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3 hours ago, SH_MM said:

APS systems and at which range they can be spotted by radar systems according to the ADS manufacturer...

It's a double edged sword. The detectability of a radar is first of all a function of its own range. 

The ADS gets an advantage of low signature, but at the same time is incapable of having its radars used for detection as well. In both aggressive engagement via independent detection of targets, and in returning fire via slew to cue.

I don't think it's a very smart marketing strategy.

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How long till the first home-on-radar anti-tank missile?

 

Whether emitting is sensible or not depends on who you're up against, and whether they have suitable detectors (as they'll always see you long before you can get a decent echo, so can manoeuvrer to avoid counter-detection)

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1 hour ago, Xlucine said:

How long till the first home-on-radar anti-tank missile?

 

Whether emitting is sensible or not depends on who you're up against, and whether they have suitable detectors (as they'll always see you long before you can get a decent echo, so can manoeuvrer to avoid counter-detection)

Not sure that would be a good idea. APS are kind of effective against ATGMs and stuff. 

A better alternative would be radar-homing artillery shells, if that's even viable.

Cheaper to use, capable of launching massive salvos, shorter warning time, etc etc.

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5 hours ago, Mighty_Zuk said:

It's a double edged sword. The detectability of a radar is first of all a function of its own range. 

The ADS gets an advantage of low signature, but at the same time is incapable of having its radars used for detection as well. In both aggressive engagement via independent detection of targets, and in returning fire via slew to cue.

I don't think it's a very smart marketing strategy.

 

The radar emissions are much easier to spot from a distance. The range of a typical launcher based APS' radar is several times smaller than the range at which modern SIGNIT aircraft or ground-based radar systems can spot the vehicle. Also note that a radar doesn't allow you to spot the location of an ATGM squad or artillery system, if they are located outside the maximum range. Then the only option is to calculate the vector of the incoming round and extrapolate the possible location of the shooter based on this; ADS should be able to do the same.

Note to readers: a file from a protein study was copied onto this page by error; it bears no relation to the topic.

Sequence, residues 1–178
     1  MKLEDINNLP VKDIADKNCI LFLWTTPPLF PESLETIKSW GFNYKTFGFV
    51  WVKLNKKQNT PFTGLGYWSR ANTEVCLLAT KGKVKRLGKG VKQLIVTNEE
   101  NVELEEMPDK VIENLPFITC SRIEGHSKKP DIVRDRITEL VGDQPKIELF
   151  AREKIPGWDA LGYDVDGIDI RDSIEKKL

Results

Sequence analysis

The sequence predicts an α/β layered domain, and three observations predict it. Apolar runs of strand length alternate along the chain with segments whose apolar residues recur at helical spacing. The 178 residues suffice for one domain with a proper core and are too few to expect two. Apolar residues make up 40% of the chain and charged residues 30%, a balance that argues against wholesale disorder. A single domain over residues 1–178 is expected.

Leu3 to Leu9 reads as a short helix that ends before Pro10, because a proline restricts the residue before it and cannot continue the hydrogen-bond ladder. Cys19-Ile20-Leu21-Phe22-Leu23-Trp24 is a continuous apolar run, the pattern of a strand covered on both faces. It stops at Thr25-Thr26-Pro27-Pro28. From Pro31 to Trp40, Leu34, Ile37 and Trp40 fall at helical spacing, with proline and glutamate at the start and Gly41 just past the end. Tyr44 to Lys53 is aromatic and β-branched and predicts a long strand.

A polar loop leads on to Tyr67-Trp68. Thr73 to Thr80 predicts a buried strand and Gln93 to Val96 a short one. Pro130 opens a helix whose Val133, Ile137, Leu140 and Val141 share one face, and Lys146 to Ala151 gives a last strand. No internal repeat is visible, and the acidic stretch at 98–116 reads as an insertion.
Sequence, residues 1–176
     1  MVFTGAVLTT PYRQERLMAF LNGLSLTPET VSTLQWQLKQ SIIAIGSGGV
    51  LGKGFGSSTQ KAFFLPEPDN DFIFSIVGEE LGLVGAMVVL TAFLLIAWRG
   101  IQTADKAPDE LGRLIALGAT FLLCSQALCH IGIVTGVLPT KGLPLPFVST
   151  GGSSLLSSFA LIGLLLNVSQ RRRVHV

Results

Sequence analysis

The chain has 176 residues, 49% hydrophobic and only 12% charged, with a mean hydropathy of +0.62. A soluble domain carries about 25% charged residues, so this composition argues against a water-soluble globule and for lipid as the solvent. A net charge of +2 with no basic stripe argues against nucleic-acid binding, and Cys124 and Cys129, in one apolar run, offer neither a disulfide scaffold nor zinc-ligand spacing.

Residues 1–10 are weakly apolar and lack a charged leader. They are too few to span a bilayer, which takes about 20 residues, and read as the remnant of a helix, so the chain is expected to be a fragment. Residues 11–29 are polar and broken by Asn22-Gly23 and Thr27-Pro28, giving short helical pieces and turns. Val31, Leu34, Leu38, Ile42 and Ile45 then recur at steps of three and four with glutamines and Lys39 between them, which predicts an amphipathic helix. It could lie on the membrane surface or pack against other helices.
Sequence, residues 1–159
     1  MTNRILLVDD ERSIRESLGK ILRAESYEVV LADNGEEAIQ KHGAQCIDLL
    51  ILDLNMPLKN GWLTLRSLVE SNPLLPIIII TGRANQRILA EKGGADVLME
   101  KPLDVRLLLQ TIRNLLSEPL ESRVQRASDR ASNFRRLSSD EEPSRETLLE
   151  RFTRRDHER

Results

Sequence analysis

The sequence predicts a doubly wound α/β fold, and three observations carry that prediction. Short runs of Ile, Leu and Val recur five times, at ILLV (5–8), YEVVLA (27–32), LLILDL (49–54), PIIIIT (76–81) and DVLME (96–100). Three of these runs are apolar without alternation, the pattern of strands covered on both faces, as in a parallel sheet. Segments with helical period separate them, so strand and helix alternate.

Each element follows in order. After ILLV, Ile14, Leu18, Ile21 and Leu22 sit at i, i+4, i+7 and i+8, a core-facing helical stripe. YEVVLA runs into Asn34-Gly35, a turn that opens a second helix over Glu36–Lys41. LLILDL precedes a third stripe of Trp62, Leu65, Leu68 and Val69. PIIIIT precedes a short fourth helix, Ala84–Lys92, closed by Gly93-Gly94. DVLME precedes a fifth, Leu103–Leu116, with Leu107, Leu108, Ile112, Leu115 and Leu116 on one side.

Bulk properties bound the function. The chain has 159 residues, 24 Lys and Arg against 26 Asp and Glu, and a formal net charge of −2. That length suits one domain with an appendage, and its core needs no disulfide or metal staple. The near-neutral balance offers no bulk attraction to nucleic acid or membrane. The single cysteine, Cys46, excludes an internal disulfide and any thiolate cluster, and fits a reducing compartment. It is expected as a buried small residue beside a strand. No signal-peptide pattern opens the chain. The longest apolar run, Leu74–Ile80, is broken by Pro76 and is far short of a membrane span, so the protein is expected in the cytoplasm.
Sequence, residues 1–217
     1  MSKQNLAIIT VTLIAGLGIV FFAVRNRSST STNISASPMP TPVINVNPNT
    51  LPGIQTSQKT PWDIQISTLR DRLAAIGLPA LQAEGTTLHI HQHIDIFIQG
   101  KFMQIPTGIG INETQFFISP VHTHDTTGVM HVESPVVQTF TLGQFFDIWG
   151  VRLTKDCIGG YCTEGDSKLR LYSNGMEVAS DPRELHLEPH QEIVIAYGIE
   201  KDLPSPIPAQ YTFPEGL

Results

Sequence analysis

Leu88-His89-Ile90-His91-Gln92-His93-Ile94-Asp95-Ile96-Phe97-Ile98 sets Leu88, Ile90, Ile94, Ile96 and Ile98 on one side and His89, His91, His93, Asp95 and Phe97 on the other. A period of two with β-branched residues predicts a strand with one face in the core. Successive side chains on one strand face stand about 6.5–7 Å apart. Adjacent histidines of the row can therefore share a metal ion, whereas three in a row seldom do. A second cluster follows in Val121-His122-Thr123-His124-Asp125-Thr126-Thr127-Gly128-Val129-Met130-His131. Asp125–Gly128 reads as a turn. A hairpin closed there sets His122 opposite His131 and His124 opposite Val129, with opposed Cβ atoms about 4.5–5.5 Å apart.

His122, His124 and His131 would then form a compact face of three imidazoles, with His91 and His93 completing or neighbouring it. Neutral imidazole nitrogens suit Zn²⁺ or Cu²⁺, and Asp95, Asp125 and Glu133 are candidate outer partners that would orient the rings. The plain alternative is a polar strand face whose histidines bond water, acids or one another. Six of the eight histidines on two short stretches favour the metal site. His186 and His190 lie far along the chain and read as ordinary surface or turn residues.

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1 minute ago, SH_MM said:

 

The radar emissions are much easier to spot from a distance. The range of a typical launcher based APS' radar is several times smaller than the range at which modern SIGNIT aircraft or ground-based radar systems can spot the vehicle. Also note that a radar doesn't allow you to spot the location of an ATGM squad or artillery system, if they are located outside the maximum range. Then the only option is to calculate the vector of the incoming round and extrapolate the possible location of the shooter based on this; ADS should be able to do the same.

 

I don't think there will ever be a case where an ATGM will have a longer range than the radar of the launcher-based APS. It's just not economical. I don't know about the radars on the Iron Fist (original one) and Trophy, but there were talks of the Afganit's radar being able to track aircraft because of its high range of 100km or so, and that they wanted to reduce the range by a bit.

 

An ADS would probably have a high success today against ATGM squads using TOWs, Metis, Fagots, Milans etc. But against 3rd gen ATGMs that could either appear not so soon, or quite soon (you just don't know, but gotta prepare now and not be surprised later), it just won't do, because the trajectory could not lead to the source because it has a lofted trajectory, and in its terminal stages some are steerable. 

 

Even against 2nd gen ATGMs, if the ADS-protected vehicle is moving, then the missile's trajectory changes as it steers towards the vehicle, so the chances of finding the shooter's location may not always be high.

 

It's just one of the disadvantages that static interceptor based APS has compared with launcher based ones. And it's why the launcher vs static debate probably will never be solved until we see tiered APS like we do with air defenses.

Launchers being able to cover close formations of vehicles, static being able to engage fire from far closer. All have their merits and downsides and radar coverage is what the ADS lacks when IMO it shouldn't, even though it's using static launchers. At least not on MBT applications.